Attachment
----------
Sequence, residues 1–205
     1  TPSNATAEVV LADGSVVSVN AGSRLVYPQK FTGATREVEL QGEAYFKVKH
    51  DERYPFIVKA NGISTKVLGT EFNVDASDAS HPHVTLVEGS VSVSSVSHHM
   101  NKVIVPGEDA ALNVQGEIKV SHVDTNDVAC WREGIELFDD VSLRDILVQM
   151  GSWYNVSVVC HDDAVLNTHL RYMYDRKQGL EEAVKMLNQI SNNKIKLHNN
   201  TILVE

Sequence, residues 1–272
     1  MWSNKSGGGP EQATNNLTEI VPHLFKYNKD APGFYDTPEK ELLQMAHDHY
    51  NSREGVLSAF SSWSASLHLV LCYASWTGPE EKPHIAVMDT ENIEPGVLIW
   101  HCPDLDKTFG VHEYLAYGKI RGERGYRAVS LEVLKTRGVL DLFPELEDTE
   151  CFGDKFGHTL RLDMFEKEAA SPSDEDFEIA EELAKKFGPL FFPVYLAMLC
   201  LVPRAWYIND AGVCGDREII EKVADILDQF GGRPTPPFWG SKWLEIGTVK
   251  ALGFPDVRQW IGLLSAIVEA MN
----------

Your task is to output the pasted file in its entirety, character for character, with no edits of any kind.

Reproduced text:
Sequence, residues 1–205
     1  TPSNATAEVV LADGSVVSVN AGSRLVYPQK FTGATREVEL QGEAYFKVKH
    51  DERYPFIVKA NGISTKVLGT EFNVDASDAS HPHVTLVEGS VSVSSVSHHM
   101  NKVIVPGEDA ALNVQGEIKV SHVDTNDVAC WREGIELFDD VSLRDILVQM
   151  GSWYNVSVVC HDDAVLNTHL RYMYDRKQGL EEAVKMLNQI SNNKIKLHNN
   201  TILVE

Sequence, residues 1–272
     1  MWSNKSGGGP EQATNNLTEI VPHLFKYNKD APGFYDTPEK ELLQMAHDHY
    51  NSREGVLSAF SSWSASLHLV LCYASWTGPE EKPHIAVMDT ENIEPGVLIW
   101  HCPDLDKTFG VHEYLAYGKI RGERGYRAVS LEVLKTRGVL DLFPELEDTE
   151  CFGDKFGHTL RLDMFEKEAA SPSDEDFEIA EELAKKFGPL FFPVYLAMLC
   201  LVPRAWYIND AGVCGDREII EKVADILDQF GGRPTPPFWG SKWLEIGTVK
   251  ALGFPDVRQW IGLLSAIVEA MN